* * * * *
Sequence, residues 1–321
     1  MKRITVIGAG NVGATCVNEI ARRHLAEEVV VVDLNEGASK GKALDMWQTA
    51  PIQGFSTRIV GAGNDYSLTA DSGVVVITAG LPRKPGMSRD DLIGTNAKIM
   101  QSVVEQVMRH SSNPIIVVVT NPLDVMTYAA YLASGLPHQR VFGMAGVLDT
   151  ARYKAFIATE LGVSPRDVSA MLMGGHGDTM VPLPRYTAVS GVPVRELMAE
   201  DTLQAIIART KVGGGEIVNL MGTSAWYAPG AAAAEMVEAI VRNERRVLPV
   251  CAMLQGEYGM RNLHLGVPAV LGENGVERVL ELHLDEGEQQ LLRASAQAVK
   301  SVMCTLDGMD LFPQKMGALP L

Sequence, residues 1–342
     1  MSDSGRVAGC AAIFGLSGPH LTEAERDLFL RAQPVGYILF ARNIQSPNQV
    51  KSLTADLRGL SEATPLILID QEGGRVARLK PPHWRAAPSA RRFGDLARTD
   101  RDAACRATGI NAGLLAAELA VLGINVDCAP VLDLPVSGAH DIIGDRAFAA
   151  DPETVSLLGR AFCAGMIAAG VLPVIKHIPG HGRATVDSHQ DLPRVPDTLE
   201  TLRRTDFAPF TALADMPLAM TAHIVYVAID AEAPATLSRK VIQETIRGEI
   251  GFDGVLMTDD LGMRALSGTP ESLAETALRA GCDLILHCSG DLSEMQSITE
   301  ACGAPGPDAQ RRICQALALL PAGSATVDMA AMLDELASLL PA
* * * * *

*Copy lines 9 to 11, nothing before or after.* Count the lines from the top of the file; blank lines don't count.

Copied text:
Sequence, residues 1–342
     1  MSDSGRVAGC AAIFGLSGPH LTEAERDLFL RAQPVGYILF ARNIQSPNQV
    51  KSLTADLRGL SEATPLILID QEGGRVARLK PPHWRAAPSA RRFGDLARTD